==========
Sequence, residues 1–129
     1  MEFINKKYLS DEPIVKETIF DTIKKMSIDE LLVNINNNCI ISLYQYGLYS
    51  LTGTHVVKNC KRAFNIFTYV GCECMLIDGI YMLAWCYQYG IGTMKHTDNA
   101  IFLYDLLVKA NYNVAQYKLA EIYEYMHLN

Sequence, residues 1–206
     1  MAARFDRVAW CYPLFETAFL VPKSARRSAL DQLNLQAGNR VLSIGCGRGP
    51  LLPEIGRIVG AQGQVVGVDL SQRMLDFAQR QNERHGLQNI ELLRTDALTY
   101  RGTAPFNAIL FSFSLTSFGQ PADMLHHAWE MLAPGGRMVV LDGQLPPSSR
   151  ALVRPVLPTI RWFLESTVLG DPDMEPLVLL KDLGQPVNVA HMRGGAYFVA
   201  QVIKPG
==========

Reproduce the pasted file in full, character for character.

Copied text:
Sequence, residues 1–129
     1  MEFINKKYLS DEPIVKETIF DTIKKMSIDE LLVNINNNCI ISLYQYGLYS
    51  LTGTHVVKNC KRAFNIFTYV GCECMLIDGI YMLAWCYQYG IGTMKHTDNA
   101  IFLYDLLVKA NYNVAQYKLA EIYEYMHLN

Sequence, residues 1–206
     1  MAARFDRVAW CYPLFETAFL VPKSARRSAL DQLNLQAGNR VLSIGCGRGP
    51  LLPEIGRIVG AQGQVVGVDL SQRMLDFAQR QNERHGLQNI ELLRTDALTY
   101  RGTAPFNAIL FSFSLTSFGQ PADMLHHAWE MLAPGGRMVV LDGQLPPSSR
   151  ALVRPVLPTI RWFLESTVLG DPDMEPLVLL KDLGQPVNVA HMRGGAYFVA
   201  QVIKPG